Species Identity Supersedes the Dilution Effect Concerning Hantavirus Prevalence at Sites across Texas and México
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Recent models suggest a relationship exists between community diversity and pathogen prevalence, the proportion of individuals in a population that are infected by a pathogen, with most inferences tied to assemblage structure. Two contrasting outcomes of this relationship have been proposed: the "dilution effect" and the "amplification effect." Small mammal assemblage structure in disturbed habitats often differs from assemblages in sylvan environments, and hantavirus prevalence is often negatively correlated with habitats containing high species diversity via dilution effect dynamics. As species richness increases, prevalence of infection often is decreased. However, anthropogenic changes to sylvan landscapes have been shown to decrease species richness and/or increase phylogenetic similarities within assemblages. Between January 2011 and January 2016, we captured and tested 2406 individual small mammals for hantavirus antibodies at 20 sites across Texas and México and compared differences in hantavirus seroprevalence, species composition, and assemblage structure between sylvan and disturbed habitats. We found 313 small mammals positive for antibodies against hantaviruses, evincing an overall prevalence of 9.7% across all sites. In total, 40 species of small mammals were identified comprising 2 taxonomic orders (Rodentia and Eulipotyphla). By sampling both habitat types concurrently, we were able to make real-world inferences into the efficacy of dilution effect theory in terms of hantavirus ecology. Our hypothesis predicting greater species richness higher in sylvan habitats compared to disturbed areas was not supported, suggesting the characteristics of assemblage structure do not adhere to current conceptions of species richness negatively influencing prevalence via a dilution effect.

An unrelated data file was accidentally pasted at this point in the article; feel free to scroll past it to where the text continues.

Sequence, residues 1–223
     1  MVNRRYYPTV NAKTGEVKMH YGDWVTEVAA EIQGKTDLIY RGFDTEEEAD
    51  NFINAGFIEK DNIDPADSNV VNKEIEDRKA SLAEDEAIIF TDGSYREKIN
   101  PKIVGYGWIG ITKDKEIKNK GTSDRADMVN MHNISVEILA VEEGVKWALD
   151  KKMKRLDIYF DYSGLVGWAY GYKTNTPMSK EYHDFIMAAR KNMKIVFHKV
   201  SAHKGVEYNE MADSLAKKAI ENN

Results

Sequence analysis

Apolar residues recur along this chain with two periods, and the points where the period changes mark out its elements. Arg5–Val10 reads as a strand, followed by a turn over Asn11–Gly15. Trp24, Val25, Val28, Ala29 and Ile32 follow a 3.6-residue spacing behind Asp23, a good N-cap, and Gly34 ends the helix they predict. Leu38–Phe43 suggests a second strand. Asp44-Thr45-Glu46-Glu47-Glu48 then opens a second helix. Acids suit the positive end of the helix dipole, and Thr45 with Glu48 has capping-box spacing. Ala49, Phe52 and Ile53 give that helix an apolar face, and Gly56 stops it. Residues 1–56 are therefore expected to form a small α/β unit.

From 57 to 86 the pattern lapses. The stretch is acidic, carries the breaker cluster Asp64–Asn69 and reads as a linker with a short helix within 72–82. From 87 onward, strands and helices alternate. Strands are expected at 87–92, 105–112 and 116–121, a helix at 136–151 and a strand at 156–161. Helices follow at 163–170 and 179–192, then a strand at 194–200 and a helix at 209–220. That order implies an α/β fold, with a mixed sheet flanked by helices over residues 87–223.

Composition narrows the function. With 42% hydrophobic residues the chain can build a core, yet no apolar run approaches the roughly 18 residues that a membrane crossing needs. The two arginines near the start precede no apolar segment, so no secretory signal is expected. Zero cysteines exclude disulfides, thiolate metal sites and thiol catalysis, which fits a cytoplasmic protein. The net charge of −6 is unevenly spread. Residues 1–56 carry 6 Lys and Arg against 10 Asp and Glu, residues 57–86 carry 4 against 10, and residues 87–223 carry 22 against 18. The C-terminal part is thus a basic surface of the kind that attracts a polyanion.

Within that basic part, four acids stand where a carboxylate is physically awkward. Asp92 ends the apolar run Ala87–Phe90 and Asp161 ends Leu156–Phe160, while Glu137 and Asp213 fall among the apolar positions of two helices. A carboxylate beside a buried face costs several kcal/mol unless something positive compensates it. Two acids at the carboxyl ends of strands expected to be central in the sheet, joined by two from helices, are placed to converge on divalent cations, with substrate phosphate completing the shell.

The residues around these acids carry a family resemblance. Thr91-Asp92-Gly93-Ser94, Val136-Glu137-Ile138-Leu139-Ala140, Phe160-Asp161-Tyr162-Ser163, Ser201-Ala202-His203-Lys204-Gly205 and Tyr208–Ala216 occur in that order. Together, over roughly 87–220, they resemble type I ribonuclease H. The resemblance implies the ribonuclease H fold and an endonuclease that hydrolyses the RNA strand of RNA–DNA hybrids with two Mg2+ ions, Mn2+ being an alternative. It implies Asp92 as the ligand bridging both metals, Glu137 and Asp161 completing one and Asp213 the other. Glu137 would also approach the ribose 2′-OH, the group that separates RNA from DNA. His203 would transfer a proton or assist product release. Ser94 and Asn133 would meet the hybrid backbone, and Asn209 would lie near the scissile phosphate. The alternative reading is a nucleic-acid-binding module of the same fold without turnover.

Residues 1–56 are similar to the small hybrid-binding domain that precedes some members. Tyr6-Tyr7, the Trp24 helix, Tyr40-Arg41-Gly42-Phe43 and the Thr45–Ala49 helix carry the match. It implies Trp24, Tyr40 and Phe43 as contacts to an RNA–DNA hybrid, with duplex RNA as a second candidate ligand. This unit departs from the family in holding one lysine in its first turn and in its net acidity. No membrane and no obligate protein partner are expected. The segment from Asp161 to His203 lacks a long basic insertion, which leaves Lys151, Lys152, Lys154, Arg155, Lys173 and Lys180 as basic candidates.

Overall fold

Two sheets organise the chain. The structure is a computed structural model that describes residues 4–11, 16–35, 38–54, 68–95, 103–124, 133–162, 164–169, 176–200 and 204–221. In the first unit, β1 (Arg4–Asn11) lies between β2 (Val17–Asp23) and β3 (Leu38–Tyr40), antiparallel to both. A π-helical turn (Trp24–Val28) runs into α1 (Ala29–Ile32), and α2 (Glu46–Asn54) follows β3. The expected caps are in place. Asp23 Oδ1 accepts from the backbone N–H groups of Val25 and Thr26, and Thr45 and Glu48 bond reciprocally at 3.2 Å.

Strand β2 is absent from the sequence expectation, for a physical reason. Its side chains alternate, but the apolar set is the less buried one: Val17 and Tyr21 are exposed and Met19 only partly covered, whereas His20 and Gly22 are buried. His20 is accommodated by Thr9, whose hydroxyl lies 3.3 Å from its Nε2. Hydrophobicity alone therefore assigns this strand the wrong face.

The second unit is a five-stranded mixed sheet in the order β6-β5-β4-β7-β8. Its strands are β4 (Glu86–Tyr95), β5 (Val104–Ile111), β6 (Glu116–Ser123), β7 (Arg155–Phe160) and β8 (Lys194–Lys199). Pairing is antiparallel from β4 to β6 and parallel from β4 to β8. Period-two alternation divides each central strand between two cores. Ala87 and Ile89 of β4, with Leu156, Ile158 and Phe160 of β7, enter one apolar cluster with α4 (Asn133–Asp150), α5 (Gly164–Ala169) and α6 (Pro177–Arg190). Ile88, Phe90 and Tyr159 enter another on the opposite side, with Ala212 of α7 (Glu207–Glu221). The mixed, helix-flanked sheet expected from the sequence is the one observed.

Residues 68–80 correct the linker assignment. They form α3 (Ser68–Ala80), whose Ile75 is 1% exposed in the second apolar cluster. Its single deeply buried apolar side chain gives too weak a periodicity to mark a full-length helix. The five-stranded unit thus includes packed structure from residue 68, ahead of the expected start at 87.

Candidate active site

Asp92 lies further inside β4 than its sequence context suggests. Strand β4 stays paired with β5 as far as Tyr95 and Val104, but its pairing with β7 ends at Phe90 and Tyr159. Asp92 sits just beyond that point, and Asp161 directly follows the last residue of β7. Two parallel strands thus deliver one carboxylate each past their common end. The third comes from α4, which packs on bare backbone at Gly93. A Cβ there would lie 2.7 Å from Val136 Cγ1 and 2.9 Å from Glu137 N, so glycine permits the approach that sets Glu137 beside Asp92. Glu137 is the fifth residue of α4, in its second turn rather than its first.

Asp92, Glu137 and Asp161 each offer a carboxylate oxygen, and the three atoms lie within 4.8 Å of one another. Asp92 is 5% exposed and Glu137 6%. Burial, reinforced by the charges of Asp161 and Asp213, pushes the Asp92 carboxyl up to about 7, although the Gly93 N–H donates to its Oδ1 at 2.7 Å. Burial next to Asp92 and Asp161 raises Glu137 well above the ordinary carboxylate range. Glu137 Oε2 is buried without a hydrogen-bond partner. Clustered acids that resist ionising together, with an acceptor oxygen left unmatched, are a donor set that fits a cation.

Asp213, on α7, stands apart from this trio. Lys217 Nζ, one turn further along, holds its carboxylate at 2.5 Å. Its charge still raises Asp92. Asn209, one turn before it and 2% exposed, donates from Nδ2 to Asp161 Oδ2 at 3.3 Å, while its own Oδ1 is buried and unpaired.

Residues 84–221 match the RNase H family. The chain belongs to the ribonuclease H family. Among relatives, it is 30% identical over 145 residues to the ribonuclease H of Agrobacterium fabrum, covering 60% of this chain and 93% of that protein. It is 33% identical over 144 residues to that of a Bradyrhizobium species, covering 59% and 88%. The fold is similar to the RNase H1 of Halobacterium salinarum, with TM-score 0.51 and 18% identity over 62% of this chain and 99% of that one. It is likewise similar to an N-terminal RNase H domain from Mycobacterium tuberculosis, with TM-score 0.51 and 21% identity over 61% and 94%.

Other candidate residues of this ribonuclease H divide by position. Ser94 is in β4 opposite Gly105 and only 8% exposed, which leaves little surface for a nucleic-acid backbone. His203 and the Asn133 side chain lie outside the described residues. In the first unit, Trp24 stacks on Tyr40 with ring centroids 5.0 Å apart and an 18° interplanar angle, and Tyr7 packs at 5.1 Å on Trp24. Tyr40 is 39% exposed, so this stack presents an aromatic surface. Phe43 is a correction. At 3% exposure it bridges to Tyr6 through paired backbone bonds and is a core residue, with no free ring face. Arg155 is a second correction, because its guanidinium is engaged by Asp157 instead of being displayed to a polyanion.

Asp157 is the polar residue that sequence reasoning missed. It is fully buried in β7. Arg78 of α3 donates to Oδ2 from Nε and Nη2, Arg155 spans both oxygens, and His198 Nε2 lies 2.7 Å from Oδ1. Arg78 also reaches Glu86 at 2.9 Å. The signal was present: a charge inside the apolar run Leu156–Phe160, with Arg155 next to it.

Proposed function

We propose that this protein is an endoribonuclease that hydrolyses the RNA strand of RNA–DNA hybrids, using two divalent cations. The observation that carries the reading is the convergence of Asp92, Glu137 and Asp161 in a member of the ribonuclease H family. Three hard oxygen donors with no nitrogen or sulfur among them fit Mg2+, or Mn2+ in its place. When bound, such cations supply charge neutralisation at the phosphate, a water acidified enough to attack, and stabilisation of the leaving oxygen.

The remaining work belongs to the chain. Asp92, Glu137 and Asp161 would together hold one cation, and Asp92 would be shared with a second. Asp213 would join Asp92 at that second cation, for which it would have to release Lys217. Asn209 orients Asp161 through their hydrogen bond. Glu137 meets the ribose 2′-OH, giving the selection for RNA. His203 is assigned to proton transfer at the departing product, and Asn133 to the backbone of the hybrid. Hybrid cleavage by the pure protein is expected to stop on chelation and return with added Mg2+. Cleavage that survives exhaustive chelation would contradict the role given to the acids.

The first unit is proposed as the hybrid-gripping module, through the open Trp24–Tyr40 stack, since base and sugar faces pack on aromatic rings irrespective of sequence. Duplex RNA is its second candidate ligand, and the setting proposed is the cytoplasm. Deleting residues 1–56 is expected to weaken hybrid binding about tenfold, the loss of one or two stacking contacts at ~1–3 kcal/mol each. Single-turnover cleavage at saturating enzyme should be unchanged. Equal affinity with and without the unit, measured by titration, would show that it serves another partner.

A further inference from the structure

author list (cited authors)
Milholland, M. T., Castro-Arellano, I., Arellano, E., Nava-García, E., Rangel-Altamirano, G., Gonzalez-Cozatl, F. X., ... Lacher, T. E.